Streamlining Your Medical Device Conformity Assessment with the FDA ASCA Program

By Engaged Expert

David Schaefer

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David Schaefer is an EMC Technical Manager for Element Materials Technology’s Connected Technologies and Mobility business unit.

FDA approval ensures that new medical devices entering the market are safe, reliable, and suited to their intended purpose, but the stringent approval process is challenging and often lengthy. To support device manufacturers on the path to approval, the FDA developed the Accreditation Scheme for Conformity Assessment (ASCA). Launched as a pilot program in September 2020, ASCA allows manufacturers to test devices to FDA-recognized standards at ASCA-accredited laboratories in preparation for their FDA submission. ASCA-accredited laboratories use uniform test methods approved by the FDA and produce data that directly aligns with the FDA’s internal review checklists. Element currently has five FDA ASCA accredited laboratories throughout the US and has already provided ASCA testing that has been accepted by the FDA.

Does ASCA testing make FDA approval easier?

Ultimately, FDA approval depends on the merits of the device and its ability to meet standardized requirements, but the ASCA program makes it faster and easier for the FDA to accurately evaluate a device’s test results. In early 2023, the FDA released a report examining the ASCA pilot program throughout the year 2022, to determine whether the program achieved its goals of enhancing regulatory efficiency and promoting consistency and predictability in the premarket review process.

Although the number of submissions that included ASCA testing was small, the report provided several indicators of the program’s success. First, the FDA confirmed that test reports issued by ASCA-accredited laboratories included all data and test conditions that the FDA requires and allowed for an efficient conformity assessment process. Second, FDA reviewers asserted greater confidence in the ASCA testing results, compared with non-ASCA results in general.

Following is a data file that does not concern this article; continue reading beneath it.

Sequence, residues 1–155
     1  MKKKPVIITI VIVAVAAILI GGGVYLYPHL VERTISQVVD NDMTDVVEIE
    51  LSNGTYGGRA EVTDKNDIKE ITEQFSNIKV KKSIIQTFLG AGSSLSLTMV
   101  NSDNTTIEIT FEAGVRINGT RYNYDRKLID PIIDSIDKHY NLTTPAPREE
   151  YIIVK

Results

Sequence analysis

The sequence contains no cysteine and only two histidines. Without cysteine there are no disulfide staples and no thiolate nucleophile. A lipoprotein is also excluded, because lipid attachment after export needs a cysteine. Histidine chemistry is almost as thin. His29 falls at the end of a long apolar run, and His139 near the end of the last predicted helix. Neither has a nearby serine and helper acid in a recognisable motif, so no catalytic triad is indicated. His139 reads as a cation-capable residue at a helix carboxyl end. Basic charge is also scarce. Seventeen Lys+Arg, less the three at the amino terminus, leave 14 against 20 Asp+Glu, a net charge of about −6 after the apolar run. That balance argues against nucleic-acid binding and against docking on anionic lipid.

The report included a specific example where one device sponsor used ASCA-accredited testing in one case and non-ASCA-accredited testing for a separate, similar test requirement. The ASCA test review found zero deficiencies and the length of the report was one-tenth the length of a typical complete test report. The non-ASCA testing found four deficiencies (one major) and the report was approximately five times the length of the report with ASCA testing.

In 2023, based on the successes observed in the pilot program, ASCA was graduated from the pilot stage to a permanent program by passage of the Medical Device User Fee Amendments (MDUFA V) bill.

How can I make use of the ASCA program?

Although many labs offer testing that can be used in FDA submission, only FDA ASCA-accredited laboratories provide testing that matches the FDA’s internal processes and confers the added confidence that the test methods used align with FDA requirements. If you hope to use the ASCA program to your benefit, be certain that the specific laboratory location you use for testing is accredited and that you have requested testing to the ASCA program. Element has multiple ASCA-accredited labs, where testing experts can provide answers to any questions you might have about the program and its benefits.

To learn more about our locations, other accreditations, and the ASCA program, contact us today.

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